Finding Jesus

By J. L. Leifeste

“His parents went to Jerusalem every year at the Feast of the Passover. (42) And when He was twelve years old, they went up to Jerusalem according to the custom of the feast. (43) When they had finished the days, as they returned, the Boy Jesus lingered behind in Jerusalem. And Joseph and His mother did not know it; (44) but supposing Him to have been in the company, they went a day’s journey, and sought Him among their relatives and acquaintances. (45) So when they did not find Him, they returned to Jerusalem, seeking Him. (46) Now so it was that after three days they found Him in the temple, sitting in the midst of the teachers, both listening to them and asking them questions. (47) And all who heard Him were astonished at His understanding and answers. (48) So when they saw Him, they were amazed; and His mother said to Him, ‘Son, why have You done this to us? Look, Your father and I have sought You anxiously.’ (49) And He said to them, ‘Why did you seek Me? Did you not know that I must be about My Father’s business?’ (50) But they did not understand the statement which He spoke to them. (51) Then He went down with them and came to Nazareth, and was subject to them, but His mother kept all these things in her heart” (Luke 2:41-51).

All of us try to find things. Sometimes, we lose very valuable things without truly appreciating their importance. And there are things that have such little value that we do not worry if we misplace them. Yet, we always try to find those things that we consider precious to us.

Joseph and Mary lost Jesus. He was valuable to them as “their child” upon the earth. But He is more valuable to all of mankind as the only Savior of each person’s soul (Matt. 1:21; Jn. 3:16-17; 14:6; Acts 4:12; Phil. 2:5-11). Joseph and Mary made mistakes in losing Jesus, and in their efforts to find Him.

Many people try to find things of earthly value. Some people spend years searching for gold and gems, or working for other things of earthly value, such as expensive houses or cars. By considering these things as most important, they are making the greatest mistakes of their lives.


Joseph and Mary were given the obligation to raise Jesus from His infancy (Matt. 1:18-25; Lk. 1:26-38; 2:51). That obligation included paying attention to His actions and location.

At His birth, an angel told some shepherds where they could find Jesus: “...there is born to you this day in the city of David a Savior, who is Christ the Lord. (12) ...You will find a Babe wrapped in swaddling cloths, lying in a manger” (Lk. 2:11-12).

We, too, must find Jesus. Each of us is accountable for our own sins (Jer. 31:30-34; Ezek. 18:20; Rom. 14:12). When we sin, we lose our spiritual life (James 1:15; Rom. 6:23). Jesus is the only way to regain spiritual life. Therefore, He is our most important goal. We must use great caution to avoid mistakes as we try to find Jesus, and then avoid losing Him. Salvation has been offered to us through Christ (Jn. 14:6; Rom. 6:23; Heb. 2:9-11; 2 Pet. 3:9; 1 Jn. 2:2). The New Testament is where we find Him.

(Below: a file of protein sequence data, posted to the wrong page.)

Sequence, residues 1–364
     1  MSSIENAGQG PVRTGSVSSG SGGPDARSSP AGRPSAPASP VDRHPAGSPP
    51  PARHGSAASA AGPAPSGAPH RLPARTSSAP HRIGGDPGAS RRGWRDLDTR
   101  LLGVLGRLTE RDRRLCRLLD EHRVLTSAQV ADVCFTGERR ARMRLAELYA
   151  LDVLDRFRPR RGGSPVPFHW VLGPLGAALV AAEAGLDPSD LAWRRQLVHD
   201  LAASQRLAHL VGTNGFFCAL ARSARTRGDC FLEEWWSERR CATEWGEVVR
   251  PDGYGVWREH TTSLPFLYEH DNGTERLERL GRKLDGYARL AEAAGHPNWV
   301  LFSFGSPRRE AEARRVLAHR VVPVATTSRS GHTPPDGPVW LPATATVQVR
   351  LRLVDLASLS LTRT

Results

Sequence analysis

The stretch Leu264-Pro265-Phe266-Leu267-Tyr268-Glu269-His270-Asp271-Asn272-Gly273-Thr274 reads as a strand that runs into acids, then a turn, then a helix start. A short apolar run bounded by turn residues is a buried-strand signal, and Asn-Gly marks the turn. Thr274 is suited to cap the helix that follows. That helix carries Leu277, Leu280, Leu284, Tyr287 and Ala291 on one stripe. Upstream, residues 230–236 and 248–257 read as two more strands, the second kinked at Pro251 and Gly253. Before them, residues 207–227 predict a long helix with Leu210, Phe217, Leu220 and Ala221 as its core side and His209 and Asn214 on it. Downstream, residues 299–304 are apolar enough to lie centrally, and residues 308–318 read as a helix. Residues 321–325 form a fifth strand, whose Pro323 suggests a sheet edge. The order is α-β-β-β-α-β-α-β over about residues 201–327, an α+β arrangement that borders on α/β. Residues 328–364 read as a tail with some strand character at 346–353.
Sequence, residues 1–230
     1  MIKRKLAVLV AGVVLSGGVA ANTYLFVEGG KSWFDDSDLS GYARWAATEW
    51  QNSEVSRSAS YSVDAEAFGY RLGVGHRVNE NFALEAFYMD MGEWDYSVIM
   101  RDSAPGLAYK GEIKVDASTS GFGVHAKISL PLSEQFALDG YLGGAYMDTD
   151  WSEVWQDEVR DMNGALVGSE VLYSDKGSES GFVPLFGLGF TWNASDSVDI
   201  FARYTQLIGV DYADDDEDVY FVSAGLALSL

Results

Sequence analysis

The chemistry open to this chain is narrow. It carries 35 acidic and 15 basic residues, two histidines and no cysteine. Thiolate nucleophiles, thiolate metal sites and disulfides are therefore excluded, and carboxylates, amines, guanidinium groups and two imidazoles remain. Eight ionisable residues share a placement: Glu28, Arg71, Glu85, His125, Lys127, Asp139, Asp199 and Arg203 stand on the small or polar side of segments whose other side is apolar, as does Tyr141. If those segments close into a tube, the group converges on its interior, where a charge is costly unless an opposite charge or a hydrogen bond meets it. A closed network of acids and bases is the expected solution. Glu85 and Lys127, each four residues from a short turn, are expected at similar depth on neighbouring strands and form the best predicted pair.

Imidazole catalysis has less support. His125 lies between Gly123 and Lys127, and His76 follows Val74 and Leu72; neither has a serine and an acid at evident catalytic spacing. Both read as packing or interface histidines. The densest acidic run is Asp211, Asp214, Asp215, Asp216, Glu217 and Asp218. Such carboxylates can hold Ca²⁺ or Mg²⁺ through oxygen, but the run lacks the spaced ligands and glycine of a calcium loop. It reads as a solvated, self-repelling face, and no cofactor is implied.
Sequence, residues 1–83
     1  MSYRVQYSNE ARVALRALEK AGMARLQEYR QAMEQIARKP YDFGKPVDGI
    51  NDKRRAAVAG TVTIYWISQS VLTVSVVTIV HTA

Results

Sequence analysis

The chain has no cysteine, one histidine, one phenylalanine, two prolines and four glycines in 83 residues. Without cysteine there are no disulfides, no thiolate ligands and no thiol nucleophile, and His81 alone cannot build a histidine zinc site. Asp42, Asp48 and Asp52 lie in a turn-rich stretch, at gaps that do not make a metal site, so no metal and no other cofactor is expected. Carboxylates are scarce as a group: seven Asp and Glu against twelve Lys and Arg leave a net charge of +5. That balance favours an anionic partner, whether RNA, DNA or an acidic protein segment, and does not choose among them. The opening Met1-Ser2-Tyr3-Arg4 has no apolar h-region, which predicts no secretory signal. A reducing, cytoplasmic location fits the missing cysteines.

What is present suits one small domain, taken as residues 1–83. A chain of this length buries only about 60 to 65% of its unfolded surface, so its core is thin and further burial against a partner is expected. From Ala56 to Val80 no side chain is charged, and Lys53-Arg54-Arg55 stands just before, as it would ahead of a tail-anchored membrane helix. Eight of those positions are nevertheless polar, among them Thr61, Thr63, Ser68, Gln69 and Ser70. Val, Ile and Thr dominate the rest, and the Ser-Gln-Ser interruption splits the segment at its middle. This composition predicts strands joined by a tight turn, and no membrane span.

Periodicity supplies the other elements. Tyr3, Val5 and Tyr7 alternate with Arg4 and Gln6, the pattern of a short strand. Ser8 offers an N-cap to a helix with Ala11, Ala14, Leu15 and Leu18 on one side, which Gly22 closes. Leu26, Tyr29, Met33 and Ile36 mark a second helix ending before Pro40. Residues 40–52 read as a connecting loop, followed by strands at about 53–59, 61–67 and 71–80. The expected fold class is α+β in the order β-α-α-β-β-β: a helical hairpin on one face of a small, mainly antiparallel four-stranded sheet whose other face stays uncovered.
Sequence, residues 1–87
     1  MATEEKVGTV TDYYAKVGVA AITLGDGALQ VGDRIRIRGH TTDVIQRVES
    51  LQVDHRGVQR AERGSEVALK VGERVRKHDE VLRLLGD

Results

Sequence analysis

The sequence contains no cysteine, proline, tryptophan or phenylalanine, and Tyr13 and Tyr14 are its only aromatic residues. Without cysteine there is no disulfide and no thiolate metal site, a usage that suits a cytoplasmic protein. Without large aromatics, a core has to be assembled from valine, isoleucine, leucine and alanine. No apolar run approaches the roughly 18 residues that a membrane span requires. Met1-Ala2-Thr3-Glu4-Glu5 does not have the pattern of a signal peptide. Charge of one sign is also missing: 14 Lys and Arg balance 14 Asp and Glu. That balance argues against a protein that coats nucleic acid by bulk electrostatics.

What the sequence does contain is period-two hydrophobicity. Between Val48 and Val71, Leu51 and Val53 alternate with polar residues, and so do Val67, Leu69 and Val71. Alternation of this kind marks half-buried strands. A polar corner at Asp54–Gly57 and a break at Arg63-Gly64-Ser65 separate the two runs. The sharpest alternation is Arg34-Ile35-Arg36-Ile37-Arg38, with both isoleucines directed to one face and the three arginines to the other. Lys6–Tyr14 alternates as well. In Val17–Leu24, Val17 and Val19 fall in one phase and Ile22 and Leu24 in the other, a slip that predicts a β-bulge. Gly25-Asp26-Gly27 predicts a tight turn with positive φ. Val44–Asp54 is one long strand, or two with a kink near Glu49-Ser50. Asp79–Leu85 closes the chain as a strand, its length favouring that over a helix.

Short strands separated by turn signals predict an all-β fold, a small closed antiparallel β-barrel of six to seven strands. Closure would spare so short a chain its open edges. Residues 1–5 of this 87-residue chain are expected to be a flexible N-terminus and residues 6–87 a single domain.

Joseph and Mary did not know where Jesus was because of their neglect. They became careless about watching Him and failed in their obligation to Him, to themselves, and to the heavenly Father.

We cannot afford to neglect our salvation in Christ (Matt. 25:1-30; Acts 4:12; Eph. 6:10-18): “…how shall we escape if we neglect so great a salvation, which at the first began to be spoken by the Lord, and was confirmed to us by those who heard Him, (4) God also bearing witness both with signs and wonders, with various miracles, and gifts of the Holy Spirit...?” (Heb. 2:3-4). If we neglect His salvation for us, we will die in our sins (2 Thess. 1:7-9).


Joseph and Mary assumed that Jesus was in their company. But when they did not find Him nearby, they searched among their kin and acquaintances. They were searching in the wrong places. They finally returned to Jerusalem and, after three days of searching, found Jesus at the temple.

We must not assume that salvation in Christ is found in one place or another. Through the gospel records and the inspired teachings of the apostles, we find Christ and the truth of salvation (1 Thess. 2:13; 2 Tim. 3:16-17; 2 Pet. 1:20-21). We cannot find Him in man-made religions or creeds. And we cannot find Him by only partly accepting and partly obeying the gospel message (Rom. 1:16; 1 Pet. 4:17; Lk. 6:46; Matt. 7:21-23). We must observe and obey the whole teaching of the New Testament (Jn. 12:47-48; Matt. 28:20). Like the Bereans, we must search the scriptures (Acts 17:11).

Therefore, because each person is accountable for his or her own sins, we must believe that Jesus is the Son of God (Jn. 8:24; Acts 8:37-38). We must repent of our sins (Lk. 13:3; Acts 2:37-38; 20:21; 2 Pet. 3:9). Then we must be baptized in water for the forgiveness of our sins (Mk. 16:15-16; Acts 2:38; 8:35-39; 22:16; 1 Pet. 3:20-21). This is a rebirth (Jn. 3:3-5). This baptism puts us into Christ, where salvation is (Rom. 6:3-6; Gal. 3:26-29).

Joseph and Mary had Jesus with them, but they lost Him and had to find Him again. When we receive salvation in Christ, we have Him and must not lose Him (1 Cor. 9:27; Heb. 3:12-15). We must be faithful (2 Pet. 1:10-11; Rev. 2:10). And we must help others correctly receive the gospel message and find Christ (Matt. 28:18-20).

Search for Jesus Christ in the right place and in the correct way, “…knowing that you were not redeemed with corruptible things, like silver or gold, from your aimless conduct received by tradition from your fathers, (19) but with the precious blood of Christ, as of a lamb without blemish and without spot” (1 Pet. 1:18-19).